Remember all that talk of optimism in Q1 and into April? It came easy after markets rallied hard following the Fed caving. The Q1 slowdown was just temporary, it’s going to be like early 2016, easy Fed is all that matters.
Besides, a trade deal is just around the corner. Don’t you know? Look at all those ‘trade optimism” headlines.
Bollocks. All of it. It’s called complacency and price driving sentiment.
The slow down did not end in Q1, it continued and perhaps accelerated also into May.
Here’s retail traffic, – 7.2% in May so far:
Here’s global trade:
And what is the data saying exactly?
April: Retail sales growth: Negative. Industrial production growth: Negative Chicago Fed National Activity Index: Negative
May: Manufacturing PMI to nine-year low.
The slowdown is not over. Perhaps it’s just beginning.
Don’t forget retailers are already announcing price increases on products coming from China.
The New York Fed today put out a study that estimates that the cost of tariffs will impact the average family by $831 per year:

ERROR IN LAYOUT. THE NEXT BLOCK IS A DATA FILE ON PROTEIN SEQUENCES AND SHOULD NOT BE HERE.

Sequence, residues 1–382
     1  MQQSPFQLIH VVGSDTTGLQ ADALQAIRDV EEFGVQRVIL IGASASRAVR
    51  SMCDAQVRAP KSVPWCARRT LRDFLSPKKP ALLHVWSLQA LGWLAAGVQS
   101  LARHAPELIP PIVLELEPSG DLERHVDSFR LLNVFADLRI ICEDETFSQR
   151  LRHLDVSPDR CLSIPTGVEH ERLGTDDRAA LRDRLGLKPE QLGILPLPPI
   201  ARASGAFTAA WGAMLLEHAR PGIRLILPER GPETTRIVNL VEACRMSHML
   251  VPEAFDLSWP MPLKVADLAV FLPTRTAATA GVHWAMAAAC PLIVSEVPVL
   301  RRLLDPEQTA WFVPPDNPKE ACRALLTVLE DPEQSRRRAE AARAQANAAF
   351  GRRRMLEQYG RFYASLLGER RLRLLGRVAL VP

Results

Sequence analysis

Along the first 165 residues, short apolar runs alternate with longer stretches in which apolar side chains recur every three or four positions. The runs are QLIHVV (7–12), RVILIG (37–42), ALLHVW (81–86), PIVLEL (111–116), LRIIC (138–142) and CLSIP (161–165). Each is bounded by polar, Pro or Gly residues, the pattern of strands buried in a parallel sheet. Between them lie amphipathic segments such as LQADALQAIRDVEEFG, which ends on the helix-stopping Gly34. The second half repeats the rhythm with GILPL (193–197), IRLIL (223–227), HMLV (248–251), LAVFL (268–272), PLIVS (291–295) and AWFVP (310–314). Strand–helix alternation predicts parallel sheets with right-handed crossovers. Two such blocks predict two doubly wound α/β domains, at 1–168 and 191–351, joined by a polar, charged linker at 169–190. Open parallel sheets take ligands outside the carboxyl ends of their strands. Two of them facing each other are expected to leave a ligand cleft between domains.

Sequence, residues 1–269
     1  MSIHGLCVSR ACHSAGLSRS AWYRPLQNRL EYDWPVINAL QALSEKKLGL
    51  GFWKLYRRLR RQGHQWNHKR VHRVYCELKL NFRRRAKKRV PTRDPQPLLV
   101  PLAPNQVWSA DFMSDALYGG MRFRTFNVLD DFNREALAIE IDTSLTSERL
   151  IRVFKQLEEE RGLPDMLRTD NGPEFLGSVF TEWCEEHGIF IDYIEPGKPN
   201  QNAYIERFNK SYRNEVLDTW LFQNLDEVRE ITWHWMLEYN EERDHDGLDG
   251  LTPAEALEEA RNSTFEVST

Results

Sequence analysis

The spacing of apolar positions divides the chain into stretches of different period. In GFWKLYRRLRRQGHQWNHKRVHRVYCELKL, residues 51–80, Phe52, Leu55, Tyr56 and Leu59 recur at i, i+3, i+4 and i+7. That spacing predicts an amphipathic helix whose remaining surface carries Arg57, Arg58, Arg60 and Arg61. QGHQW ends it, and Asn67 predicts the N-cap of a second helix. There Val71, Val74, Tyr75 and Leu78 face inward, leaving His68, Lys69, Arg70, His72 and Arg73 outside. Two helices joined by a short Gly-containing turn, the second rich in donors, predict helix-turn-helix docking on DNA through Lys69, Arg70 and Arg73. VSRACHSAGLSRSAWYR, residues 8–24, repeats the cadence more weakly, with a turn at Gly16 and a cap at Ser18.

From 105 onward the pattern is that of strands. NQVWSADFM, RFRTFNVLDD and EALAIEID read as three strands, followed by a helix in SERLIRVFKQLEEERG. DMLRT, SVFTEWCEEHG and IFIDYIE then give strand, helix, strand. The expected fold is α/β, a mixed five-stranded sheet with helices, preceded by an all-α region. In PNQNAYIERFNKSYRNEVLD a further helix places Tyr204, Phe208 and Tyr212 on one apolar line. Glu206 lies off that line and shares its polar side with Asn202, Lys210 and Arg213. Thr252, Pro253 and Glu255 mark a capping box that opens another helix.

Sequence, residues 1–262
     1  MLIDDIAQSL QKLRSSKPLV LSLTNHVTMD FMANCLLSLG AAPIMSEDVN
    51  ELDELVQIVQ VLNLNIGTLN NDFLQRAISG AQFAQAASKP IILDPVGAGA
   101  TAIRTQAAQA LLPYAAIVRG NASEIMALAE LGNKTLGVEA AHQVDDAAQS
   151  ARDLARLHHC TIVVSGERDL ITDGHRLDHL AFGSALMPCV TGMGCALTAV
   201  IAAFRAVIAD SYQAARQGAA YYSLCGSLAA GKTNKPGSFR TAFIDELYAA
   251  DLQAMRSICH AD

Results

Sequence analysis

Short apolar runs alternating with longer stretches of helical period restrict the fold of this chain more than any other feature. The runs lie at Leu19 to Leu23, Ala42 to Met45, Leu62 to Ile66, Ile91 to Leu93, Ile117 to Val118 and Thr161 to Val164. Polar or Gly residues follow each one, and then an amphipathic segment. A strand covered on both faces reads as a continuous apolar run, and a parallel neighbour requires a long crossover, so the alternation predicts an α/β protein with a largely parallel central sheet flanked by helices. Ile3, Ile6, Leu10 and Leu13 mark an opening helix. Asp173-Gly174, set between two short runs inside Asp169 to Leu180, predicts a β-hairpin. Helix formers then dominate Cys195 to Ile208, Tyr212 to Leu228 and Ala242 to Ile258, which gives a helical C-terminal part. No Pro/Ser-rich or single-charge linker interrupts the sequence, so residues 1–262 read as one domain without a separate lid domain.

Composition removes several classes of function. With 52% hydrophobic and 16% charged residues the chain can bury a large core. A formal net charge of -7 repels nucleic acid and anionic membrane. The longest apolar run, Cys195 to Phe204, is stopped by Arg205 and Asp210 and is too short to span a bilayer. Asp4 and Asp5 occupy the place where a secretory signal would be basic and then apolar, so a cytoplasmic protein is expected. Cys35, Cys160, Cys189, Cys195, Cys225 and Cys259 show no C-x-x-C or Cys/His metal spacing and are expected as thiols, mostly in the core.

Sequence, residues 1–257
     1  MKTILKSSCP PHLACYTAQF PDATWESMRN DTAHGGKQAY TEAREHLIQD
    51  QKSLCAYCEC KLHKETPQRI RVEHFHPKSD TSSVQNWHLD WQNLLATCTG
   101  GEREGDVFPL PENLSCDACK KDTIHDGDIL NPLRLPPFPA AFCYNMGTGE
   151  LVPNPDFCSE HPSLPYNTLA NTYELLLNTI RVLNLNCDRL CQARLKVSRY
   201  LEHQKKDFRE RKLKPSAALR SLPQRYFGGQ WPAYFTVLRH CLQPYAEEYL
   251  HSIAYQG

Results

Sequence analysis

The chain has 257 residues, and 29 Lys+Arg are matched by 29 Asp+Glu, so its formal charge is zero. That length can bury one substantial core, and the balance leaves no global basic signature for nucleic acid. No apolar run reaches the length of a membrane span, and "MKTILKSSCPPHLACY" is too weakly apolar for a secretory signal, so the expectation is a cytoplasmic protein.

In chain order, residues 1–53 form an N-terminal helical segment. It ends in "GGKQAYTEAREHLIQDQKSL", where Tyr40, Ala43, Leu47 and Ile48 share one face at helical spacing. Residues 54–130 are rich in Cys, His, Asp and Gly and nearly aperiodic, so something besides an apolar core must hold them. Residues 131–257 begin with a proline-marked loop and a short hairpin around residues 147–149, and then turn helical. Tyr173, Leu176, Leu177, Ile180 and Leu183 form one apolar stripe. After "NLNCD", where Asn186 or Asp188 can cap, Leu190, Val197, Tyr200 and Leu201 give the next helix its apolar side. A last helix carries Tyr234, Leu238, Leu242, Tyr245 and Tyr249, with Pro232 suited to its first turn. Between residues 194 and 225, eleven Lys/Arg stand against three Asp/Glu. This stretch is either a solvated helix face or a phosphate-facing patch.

Add that to record credit card interest rates and you tell me where the incremental spending growth it to come from.
Forget the hype and the cheerleading. That was Q1 chatter. Now Q2’s data is starting to show that the optimistic narratives were misplaced. Which means earnings estimates for the rest of the year may be too high. Perhaps far too high as there is no trade deal in sight. What is in sight is a slow down.
And markets may just be in the process of realizing that.
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